Tiredness now became an increasing influence on the game as an additional thirty minutes was the last thing both teams needed. Aston Villa had played three games in eight days, whilst Everton had played four in eleven. On 104 minutes, Gidman came off and Gordon Smith took his place. The game entered the final ninety seconds and for both sets of players, the dreaded prospect of a penalty shoot- out loomed. After an incredible 328 minutes of football, the teams could still not be separated.
With ninety seconds left, the substitute Smith sent in a low cross goal-ward. It deflected off the Everton winger Goodlass, which wrong footed the full back Darracott, who was still in a position to clear the danger but in a moment of hesitation let the ball run past him. Brian Little was lying in wait and reacted the quickest to steer the ball past the despairing Lawson in the Everton goal to score his second goal of the match, in front of the despairing Everton fans. Just as in the second replay, a calamitous mix up in the Everton defence had gifted the goal to Villa. The words of commentator John Motson had never seemed more apposite.” What a terrible defensive disaster for Everton” There was hardly time for the game to be restarted before referee Gordon Kew blew the final whistle on a truly epic encounter.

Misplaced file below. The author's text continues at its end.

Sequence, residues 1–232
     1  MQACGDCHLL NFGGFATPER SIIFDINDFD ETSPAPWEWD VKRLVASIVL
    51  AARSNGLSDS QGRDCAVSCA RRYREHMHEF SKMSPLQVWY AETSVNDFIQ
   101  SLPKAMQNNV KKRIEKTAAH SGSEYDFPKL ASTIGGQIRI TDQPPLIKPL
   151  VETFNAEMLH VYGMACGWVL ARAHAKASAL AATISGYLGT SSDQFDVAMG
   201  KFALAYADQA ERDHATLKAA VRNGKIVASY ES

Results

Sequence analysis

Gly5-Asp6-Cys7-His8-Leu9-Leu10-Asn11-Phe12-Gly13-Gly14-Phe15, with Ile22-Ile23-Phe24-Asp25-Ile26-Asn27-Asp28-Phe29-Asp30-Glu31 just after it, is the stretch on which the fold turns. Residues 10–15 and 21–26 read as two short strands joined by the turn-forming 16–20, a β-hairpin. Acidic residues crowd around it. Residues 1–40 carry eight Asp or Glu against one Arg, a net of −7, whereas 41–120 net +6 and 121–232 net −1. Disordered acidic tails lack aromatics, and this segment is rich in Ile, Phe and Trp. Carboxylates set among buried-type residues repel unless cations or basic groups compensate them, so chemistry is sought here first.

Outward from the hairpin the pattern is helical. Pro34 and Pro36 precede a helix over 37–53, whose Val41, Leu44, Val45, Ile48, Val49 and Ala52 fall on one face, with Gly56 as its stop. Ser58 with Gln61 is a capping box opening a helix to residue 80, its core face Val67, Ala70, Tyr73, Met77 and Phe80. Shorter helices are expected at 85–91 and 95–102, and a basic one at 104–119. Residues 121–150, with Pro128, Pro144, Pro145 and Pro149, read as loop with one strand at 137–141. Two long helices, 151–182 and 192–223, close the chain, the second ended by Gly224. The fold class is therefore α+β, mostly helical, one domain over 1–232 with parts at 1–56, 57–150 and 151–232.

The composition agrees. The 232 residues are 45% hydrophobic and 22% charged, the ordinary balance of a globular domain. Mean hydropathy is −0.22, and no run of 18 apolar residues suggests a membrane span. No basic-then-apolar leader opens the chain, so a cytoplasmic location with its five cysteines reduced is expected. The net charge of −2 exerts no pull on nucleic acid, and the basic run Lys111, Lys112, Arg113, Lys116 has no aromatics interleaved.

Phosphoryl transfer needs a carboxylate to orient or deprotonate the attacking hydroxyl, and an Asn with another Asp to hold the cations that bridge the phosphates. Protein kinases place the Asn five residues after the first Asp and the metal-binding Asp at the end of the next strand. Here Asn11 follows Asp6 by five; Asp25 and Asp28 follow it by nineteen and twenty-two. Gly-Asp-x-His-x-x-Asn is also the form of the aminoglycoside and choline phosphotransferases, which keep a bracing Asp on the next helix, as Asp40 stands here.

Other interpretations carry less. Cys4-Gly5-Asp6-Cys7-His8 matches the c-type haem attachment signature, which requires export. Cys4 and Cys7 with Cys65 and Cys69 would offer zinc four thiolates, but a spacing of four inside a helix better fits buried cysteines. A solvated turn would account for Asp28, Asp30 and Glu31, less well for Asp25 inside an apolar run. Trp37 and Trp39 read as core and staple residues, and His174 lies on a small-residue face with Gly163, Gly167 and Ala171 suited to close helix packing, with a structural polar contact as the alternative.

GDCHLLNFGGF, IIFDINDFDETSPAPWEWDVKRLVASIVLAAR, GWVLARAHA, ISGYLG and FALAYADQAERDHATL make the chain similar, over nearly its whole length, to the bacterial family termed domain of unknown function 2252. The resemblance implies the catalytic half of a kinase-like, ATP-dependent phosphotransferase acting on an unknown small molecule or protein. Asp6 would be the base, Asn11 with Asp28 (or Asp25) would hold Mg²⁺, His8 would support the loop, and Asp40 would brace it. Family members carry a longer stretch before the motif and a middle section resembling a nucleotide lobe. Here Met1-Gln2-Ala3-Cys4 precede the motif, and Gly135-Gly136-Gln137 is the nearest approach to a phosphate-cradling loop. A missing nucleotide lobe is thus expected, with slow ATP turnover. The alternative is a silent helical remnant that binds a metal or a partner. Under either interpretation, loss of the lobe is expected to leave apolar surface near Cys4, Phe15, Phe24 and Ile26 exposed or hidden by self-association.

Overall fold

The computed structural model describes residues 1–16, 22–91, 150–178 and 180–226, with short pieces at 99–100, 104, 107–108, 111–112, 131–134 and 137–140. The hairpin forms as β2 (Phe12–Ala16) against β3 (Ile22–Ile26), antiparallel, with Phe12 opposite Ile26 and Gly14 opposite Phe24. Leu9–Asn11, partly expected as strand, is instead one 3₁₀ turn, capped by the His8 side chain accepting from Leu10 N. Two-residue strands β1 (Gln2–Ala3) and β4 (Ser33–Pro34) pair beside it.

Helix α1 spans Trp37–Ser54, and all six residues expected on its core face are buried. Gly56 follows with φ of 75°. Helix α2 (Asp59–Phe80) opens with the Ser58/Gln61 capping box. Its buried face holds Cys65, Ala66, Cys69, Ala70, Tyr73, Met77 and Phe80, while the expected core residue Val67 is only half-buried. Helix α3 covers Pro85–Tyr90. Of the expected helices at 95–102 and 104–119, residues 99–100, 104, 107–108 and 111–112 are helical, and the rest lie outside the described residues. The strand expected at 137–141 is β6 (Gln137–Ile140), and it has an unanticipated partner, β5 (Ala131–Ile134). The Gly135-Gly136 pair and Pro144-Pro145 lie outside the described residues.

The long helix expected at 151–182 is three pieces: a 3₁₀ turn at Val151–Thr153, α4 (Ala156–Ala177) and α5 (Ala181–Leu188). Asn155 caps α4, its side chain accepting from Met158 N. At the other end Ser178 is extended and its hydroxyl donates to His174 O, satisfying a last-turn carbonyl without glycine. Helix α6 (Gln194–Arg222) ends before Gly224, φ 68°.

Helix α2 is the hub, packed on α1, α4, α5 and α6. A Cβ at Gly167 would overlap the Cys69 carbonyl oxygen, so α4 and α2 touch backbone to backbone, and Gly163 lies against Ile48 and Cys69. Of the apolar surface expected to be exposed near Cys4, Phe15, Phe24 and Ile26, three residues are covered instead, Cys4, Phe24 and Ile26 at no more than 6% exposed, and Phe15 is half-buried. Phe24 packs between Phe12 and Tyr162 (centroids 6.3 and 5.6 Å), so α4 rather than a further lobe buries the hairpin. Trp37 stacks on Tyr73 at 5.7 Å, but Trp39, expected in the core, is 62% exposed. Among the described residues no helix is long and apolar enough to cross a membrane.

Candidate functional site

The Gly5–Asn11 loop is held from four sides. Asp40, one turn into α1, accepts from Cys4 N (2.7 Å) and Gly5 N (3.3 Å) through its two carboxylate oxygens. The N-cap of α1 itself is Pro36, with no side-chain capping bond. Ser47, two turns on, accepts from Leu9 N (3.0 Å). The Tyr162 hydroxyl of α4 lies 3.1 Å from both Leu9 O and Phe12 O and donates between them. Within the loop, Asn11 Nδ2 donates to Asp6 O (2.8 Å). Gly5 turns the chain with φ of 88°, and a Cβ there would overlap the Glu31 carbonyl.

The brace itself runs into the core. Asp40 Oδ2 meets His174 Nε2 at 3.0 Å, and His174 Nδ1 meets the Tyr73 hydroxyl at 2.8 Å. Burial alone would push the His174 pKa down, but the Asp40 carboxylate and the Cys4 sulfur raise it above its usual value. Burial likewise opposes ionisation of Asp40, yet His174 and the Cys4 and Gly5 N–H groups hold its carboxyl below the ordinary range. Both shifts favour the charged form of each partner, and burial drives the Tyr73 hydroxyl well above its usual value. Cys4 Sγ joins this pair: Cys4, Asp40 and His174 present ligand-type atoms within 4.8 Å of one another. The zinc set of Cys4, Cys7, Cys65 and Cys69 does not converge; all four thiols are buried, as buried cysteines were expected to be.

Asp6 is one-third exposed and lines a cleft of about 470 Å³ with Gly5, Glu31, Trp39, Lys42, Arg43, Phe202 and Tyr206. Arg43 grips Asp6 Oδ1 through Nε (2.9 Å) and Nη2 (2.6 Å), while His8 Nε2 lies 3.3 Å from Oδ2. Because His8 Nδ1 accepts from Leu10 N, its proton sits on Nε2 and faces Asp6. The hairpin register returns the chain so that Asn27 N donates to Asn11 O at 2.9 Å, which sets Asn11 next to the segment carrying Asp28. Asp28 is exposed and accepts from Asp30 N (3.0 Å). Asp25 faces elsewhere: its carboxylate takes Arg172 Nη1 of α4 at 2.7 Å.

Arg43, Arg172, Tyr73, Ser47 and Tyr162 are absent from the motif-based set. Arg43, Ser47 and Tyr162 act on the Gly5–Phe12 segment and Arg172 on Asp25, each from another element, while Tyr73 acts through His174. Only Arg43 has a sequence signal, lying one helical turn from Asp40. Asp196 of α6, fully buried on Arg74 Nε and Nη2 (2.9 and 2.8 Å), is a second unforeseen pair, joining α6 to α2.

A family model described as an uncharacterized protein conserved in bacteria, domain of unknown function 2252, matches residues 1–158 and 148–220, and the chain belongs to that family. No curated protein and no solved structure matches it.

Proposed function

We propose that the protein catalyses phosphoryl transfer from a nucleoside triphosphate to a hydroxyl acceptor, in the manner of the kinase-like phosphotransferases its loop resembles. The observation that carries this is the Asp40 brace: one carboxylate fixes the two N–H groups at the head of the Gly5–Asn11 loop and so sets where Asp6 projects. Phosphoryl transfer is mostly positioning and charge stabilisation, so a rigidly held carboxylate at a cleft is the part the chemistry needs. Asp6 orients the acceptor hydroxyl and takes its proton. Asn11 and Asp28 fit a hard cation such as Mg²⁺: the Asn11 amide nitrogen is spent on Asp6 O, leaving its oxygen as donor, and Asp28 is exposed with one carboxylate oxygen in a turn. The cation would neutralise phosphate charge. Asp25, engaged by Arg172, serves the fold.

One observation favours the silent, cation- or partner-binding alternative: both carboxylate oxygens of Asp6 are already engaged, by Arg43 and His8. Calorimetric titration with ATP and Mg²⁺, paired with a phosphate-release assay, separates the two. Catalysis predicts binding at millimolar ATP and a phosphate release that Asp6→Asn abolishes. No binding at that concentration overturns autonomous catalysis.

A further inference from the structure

Everton’s devastated players slumped to the floor, many shaking their heads trying to understand what had just happened. Everton fans stayed to applaud their team and then left the stadium in despair. The Aston Villa team joined their fans in an orgy of celebration as they received the cup. A banner displayed in the Villa read “Little Goals Mean a Lot”. It summed up the final.
The League Cup final of 1977 can never be repeated. For those, like myself, who witnessed all three games, it was an experience that will live forever in the memory. It was played over three matches totalling 330 minutes of football in three different stadiums. Over a calendar month had elapsed from the first game to the conclusion. The aggregate attendance was over 205,000 and had yielded over £500,000(over £3.3 million today) in gate receipts. Both sets of fans had travelled over 600 miles to see all three games. Aston Villa became the first club to win the League Cup three times and the first and only club to win the trophy in three different cities. The League Cup is still the only major domestic honour that Everton have not won. They reached the final again in 1984 but lost after a replay to their mortal enemies Liverpool. However, unlike Liverpool, Everton fans can proudly claim that they have never lost a League Cup Final at Wembley.